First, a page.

For most Americans, this is an uncomplicated task. Yet for many, finding a place to use the bathroom is a major struggle.
For those experiencing homelessness,
lack of access to public bathroom facilities often forces the humiliating need to urinate or defecate in public.
This issue has been exacerbated by the COVID-19 pandemic.
Many bars and restaurants closed their doors or limited access,
and public bathrooms in places such as libraries and subway stations have been slow to reopen after shutting down for social distancing.
While some of these spaces are now reopening, COVID-19’s longer-term effects on the homeless population will continue to reverberate.
Further, recent inflation has supercharged the housing affordability crisis, leading shelter officials in fifteen states to report “a dramatic increase in the number of people, particularly single mothers, seeking services” in 2022.
Homelessness has become an “acute crisis.”
Unsurprisingly, bathroom access is more strained than ever. In New York City, the closing of bathrooms and the increase in people experiencing homelessness contributed to a near-doubling of public urination complaints during the pandemic.
This problem is far more than an inconvenience to the city-dwelling public. For those experiencing homelessness, not having a place to go can result in criminal consequences.
And, in the words of one formerly homeless person, “[o]ne of the consequences of public urination for homeless people is humiliation.”
The criminal and dignitary consequences mean much is at stake for those in need of a place to go. But the bathroom options available to those experiencing homelessness—shelters, public (i.e., municipality-operated) bathrooms, and private bathrooms open to the public (e.g., restaurants and shops)—do not meet the population’s needs.
Scholars and local leaders have considered several possible solutions to this problem. Common refrains call for the construction of more public bathrooms and for the decriminalization of public urination and defecation.
One potential stopgap solution has been discussed less frequently: banning customers-only bathroom policies.
These bans would prevent businesses of public accommodation—such as restaurants, bars, and shops—from restricting bathroom access to paying customers only.
While these bans have yet to find success in American cities,
they could ease the burden on municipalities and prevent discriminatory exclusion.
Scholars—most notably Professor Ron S. Hochbaum—have suggested these bans as a solution to the bathroom-access problem for those experiencing homelessness.
Local leaders and community activists have similarly challenged business owners’ right to exclude noncustomers from their bathrooms (though these challenges have been either unsuccessful or more limited than outright bans).
Such bans pose difficult legal and political questions. Most significantly, the recent Supreme Court case Cedar Point Nursery v. Hassid
—which expanded takings doctrine and made government regulation of access rights more difficult
—creates a complex legal roadblock for local lawmakers seeking to ban customers-only bathrooms. The academics, lawmakers, and activists who have discussed limitations or bans on customers-only bathrooms have yet to address the challenge posed by Cedar Point. This Note fills that gap by analyzing the landscape of post–Cedar Point takings jurisprudence. In doing so, it serves two audiences. First, it serves those seeking to better understand Cedar Point’s convoluted takings doctrine. By providing an example of the doctrine’s application to an actual legal problem, it reveals the indeterminacies of the Court’s approach and offers solutions for navigating them. Second, it serves local leaders who seek to alleviate the suffering of those living in homelessness. It lays out a clear pathway for those attempting to take advantage of private bathroom infrastructure by banning customers-only policies.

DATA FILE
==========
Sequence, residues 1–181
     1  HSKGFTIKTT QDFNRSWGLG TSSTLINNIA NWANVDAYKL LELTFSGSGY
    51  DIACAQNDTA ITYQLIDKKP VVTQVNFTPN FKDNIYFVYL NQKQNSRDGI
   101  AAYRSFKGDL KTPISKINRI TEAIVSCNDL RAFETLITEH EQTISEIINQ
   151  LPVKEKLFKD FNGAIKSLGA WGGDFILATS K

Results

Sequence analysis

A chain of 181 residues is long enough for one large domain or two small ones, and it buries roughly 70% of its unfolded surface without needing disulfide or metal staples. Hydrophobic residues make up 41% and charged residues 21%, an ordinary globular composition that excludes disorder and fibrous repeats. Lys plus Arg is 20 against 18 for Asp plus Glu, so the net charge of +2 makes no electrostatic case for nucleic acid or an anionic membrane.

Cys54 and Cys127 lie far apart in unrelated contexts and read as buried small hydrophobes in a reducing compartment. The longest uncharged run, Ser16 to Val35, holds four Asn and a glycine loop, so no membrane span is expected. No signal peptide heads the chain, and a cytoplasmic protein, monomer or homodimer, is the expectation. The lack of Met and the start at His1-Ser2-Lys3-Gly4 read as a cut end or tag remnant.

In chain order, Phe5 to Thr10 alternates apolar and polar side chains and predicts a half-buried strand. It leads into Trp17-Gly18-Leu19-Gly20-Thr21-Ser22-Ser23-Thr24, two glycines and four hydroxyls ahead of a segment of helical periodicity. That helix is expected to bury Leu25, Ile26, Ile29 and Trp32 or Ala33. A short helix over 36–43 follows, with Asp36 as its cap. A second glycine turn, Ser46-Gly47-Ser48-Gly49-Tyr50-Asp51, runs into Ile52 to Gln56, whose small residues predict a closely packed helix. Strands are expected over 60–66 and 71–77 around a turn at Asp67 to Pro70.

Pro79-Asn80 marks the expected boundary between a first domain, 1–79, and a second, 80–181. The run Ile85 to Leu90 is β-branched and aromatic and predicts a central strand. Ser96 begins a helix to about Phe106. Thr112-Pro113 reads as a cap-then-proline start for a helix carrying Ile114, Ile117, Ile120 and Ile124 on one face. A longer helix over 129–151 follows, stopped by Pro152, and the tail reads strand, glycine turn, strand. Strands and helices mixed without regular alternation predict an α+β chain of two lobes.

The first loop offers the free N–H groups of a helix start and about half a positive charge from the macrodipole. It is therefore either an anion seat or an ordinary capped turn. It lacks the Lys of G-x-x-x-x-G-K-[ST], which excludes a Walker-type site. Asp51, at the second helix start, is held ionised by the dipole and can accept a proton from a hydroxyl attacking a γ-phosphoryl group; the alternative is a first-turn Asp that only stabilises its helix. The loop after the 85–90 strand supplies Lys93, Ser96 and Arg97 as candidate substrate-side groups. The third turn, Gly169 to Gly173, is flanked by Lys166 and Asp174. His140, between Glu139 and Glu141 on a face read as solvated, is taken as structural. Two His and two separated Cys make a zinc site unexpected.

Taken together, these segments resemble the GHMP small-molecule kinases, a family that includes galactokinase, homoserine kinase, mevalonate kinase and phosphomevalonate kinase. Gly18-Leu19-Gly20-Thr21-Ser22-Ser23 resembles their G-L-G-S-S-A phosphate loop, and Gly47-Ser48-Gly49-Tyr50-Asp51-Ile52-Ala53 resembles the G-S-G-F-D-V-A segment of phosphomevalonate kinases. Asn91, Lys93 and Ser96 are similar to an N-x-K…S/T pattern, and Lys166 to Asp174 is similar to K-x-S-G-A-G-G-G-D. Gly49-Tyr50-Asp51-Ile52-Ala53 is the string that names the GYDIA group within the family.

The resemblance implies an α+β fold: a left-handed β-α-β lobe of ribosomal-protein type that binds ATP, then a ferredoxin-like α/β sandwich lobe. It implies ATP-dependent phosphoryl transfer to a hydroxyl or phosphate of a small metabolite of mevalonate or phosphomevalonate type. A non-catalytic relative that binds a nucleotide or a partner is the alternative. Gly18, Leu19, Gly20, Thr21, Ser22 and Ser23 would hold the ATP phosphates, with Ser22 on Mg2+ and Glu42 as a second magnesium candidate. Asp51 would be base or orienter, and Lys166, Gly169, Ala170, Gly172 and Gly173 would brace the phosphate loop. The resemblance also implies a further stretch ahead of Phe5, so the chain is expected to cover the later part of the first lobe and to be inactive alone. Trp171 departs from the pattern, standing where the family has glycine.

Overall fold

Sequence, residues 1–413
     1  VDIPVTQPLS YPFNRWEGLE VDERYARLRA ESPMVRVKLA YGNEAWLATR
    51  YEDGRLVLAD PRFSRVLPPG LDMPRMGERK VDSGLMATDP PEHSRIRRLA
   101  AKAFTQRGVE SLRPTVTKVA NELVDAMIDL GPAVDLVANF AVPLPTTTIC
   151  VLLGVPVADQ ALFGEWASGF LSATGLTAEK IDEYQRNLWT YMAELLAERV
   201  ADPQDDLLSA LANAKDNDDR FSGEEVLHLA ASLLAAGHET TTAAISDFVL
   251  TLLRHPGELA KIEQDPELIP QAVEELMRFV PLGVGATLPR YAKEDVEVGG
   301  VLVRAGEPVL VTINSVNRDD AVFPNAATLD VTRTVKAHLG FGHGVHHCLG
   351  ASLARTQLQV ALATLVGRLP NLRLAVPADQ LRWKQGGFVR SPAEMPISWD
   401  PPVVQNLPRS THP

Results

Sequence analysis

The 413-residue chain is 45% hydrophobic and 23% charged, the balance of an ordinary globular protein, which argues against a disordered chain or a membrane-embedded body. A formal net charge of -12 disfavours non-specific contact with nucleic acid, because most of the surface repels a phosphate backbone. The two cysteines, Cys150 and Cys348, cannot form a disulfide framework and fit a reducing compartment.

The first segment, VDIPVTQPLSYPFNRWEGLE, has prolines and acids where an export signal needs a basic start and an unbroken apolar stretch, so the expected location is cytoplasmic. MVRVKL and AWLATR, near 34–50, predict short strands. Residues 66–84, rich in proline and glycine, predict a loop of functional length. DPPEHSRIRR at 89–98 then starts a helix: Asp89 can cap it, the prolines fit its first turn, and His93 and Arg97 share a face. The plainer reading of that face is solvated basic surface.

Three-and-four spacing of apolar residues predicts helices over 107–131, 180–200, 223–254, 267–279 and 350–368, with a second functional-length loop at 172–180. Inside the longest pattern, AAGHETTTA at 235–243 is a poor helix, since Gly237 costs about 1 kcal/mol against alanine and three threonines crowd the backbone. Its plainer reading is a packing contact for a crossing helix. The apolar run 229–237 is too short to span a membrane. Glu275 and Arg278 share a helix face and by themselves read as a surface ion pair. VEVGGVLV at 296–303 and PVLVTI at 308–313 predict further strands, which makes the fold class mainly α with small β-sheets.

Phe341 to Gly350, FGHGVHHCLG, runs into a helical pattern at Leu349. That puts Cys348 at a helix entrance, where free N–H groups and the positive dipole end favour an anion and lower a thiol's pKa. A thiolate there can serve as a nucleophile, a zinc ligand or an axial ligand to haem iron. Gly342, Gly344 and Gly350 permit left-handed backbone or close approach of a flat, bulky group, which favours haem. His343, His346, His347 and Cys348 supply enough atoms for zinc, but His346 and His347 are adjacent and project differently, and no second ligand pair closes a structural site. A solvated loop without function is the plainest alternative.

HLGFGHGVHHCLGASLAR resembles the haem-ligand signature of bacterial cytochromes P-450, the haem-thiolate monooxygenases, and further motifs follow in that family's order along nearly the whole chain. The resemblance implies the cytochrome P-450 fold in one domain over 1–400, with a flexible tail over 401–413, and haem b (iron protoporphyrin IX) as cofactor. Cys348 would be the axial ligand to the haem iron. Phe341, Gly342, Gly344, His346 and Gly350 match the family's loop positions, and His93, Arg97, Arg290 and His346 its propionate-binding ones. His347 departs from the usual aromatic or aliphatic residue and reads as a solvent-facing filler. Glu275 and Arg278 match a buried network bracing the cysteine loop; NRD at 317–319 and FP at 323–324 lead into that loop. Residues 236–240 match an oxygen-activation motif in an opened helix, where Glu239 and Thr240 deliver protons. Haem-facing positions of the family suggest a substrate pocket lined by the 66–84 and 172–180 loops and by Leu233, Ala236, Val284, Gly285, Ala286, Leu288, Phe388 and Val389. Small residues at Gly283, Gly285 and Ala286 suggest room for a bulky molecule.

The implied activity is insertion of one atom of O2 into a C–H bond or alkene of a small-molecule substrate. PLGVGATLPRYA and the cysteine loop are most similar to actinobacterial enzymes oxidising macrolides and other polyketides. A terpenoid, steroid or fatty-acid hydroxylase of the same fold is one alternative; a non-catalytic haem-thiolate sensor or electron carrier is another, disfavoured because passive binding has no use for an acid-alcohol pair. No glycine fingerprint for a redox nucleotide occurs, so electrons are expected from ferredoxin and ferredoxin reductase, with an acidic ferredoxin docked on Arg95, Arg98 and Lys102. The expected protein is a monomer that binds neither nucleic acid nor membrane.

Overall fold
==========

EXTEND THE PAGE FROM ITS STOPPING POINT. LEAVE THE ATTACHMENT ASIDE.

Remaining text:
This Note reaches two related conclusions. First, banning customers-only bathrooms likely would not be a taking.
While Cedar Point ostensibly limited a host of access-rights regulations, it carved out several exceptions (perhaps to avoid disturbing too much existing legislation).
Bans on customers-only bathrooms would likely fall into one such exception. The Court’s broad holding may thus be less exacting than it appears.
Second, regardless of whether these bans are takings, municipal leaders can best serve the public by providing just compensation for the access rights that the bans may “take.”
This solution avoids the indeterminacies of Cedar Point, softens the political blow to business owners, and centers the experience and dignity of those living in homelessness. It is also more cost-effective than building municipality-operated bathrooms.
This Note proceeds in three parts. Part I summarizes the adverse, discriminatory effects that customers-only policies have on people experiencing homelessness. It then describes past attempts at banning or limiting customers-only policies, concluding that the time for a ban is ripe. Part II addresses potential problems such bans may encounter if attempted in the future. First, it considers whether banning customers-only bathroom policies would amount to a taking under Cedar Point. Then, it discusses policy challenges regarding line drawing and enforcement as well as the potential for political backlash. Part III weighs the challenges of bans against their potential upside and provides guidance for municipal leaders who seek to tap into private-business bathroom infrastructure to increase bathroom access.